All-Star small forward Gordon Hayward is finally heading East - just three years too late to do the Charlotte Hornets any good.
Hayward announced via the Players’ Tribune Tuesday evening that he plans to sign with the Boston Celtics, turning down pitches from the Miami Heat and the team that drafted him, the Utah Jazz. For the Jazz, which selected Hayward from Butler ninth overall in the 2010 draft, this is a huge loss.
Just as it was for the Hornets in July 2014, when the Jazz chose to match a $63 million offer sheet Hayward had signed to play in Charlotte as a restricted free agent. Hayward went on to average more than 19 points each of the next three seasons.
It was no surprise the Jazz matched that sheet, considering Hayward’s potential and versatility. Utah’s match made moot the most elaborate and public recruiting pitch in Charlotte NBA history. Later, it led to several events – both good and bad -- that had major bearing on the Hornets’ progression.
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Hornets owner Michael Jordan said at a charity event that June that he aspired for the team to sign another “superstar” to complement the signing of center Al Jefferson the previous summer. With Jefferson and new coach Steve Clifford on board, the Hornets made just their second playoff appearance since the NBA returned to Charlotte in 2004.
Hayward’s skills – not just a scorer, but a playmaker for teammates – was precisely the player Clifford and general manager Rich Cho felt the Hornets needed to progress. When Hayward visited the second week of July, every piece of signage inside and outside of the uptown arena welcomed him and his family.
In researching Hayward, Cho discovered he is a huge fan of video games. So part of the Hornets’ presentation was on a video-game platform. Clifford cut out early from a practice to attend a dinner with Hayward before the team flew to Las Vegas for summer league.
Hayward was sufficiently impressed that he signed the Hornets’ offer sheet on July 9. Jazz management made sure to tell Salt Lake City media in advance that it would match any offer for Hayward, and made good on that promise within a few days. By not matching immediately, the Jazz held up the Hornets’ ability to offer its salary cap space to a Plan B player.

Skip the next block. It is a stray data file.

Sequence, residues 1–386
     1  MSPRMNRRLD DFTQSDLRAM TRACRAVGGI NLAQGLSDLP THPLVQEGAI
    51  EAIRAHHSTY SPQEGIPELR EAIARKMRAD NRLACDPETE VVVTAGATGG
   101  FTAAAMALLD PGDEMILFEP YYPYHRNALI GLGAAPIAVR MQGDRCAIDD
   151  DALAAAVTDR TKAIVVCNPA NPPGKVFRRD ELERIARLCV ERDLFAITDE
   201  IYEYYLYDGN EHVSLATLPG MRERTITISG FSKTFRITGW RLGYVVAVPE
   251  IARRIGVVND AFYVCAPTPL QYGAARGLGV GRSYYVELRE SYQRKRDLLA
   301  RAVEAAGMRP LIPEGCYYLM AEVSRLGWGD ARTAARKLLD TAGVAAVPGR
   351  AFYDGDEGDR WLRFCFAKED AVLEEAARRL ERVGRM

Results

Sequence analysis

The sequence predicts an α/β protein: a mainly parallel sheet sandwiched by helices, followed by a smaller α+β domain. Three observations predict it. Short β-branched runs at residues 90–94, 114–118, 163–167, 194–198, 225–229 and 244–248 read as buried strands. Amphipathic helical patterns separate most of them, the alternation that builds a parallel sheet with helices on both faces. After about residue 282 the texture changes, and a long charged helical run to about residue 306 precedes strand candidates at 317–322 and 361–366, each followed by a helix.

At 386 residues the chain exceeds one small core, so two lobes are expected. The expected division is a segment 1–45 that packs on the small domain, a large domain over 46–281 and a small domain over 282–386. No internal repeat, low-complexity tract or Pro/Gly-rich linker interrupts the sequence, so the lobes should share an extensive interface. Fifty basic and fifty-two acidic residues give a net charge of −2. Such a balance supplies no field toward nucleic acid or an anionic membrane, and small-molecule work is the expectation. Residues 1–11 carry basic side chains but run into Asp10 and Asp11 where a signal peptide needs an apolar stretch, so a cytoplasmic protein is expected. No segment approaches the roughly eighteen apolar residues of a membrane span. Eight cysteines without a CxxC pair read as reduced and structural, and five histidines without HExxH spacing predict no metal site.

Plan B eventually became former Indiana Pacer Lance Stephenson. The Hornets met with Stephenson and his agent at the Aria Hotel and Casino, where the Hornets were staying in Las Vegas. Jordan was part of the group, and by early the next morning Stephenson and the Hornets agreed on a three-year, $27 million contract, the last season being a team option.
It was a risky move, based on Stephenson’s quirky personality. The prior spring, he famously blew in LeBron James’ ear, trying to distract him during a playoff series.
Stephenson’s time with the Hornets was short and anything but successful. He played 61 games, starting 25. His 3-point percentage that season – 17.1 percent – was strikingly dreadful.
Eleven months after signing him, Cho traded Stephenson to the Los Angeles Clippers, taking back guard Matt Barnes, who never played for the Hornets, and center Spencer Hawes. That trade defined addition by subtraction: Stephenson’s lack of productivity and Clifford’s struggle to find him a role hung over the Hornets’ locker room.
The Hornets were back to searching for a Hayward-like player. It took nine days for the Hornets to find their man – Nic Batum, then property of the Portland Trail Blazers.
Batum was coming off his worst NBA season, but his ability to both shoot and make plays for others was appealing. Cho and then-assistant general manager Chad Buchanan had both worked for the Trail Blazers, so they had plenty of background on Batum.
In return for shooting guard Gerald Henderson and power forward Noah Vonleh, the Hornets got Batum, who bounced back nicely in his first season in Charlotte. He averaged 14.9 points, 6.1 rebounds and 5.8 assists, as the Hornets went 48-34 in the regular season before a first-round playoff series loss to the Miami Heat.
Then, it became the Hornets’ problem to re-sign Batum in 2016. They met with him the first minute they could July 1 and didn’t leave until Batum agreed to a five-year, $120 million contract, the biggest in Charlotte NBA history.
Is Batum worth all that? It’s debatable, for sure. But the Hornets finally got their Hayward, or something resembling him.
Bonnell: 704-358-5129: @rick_bonnell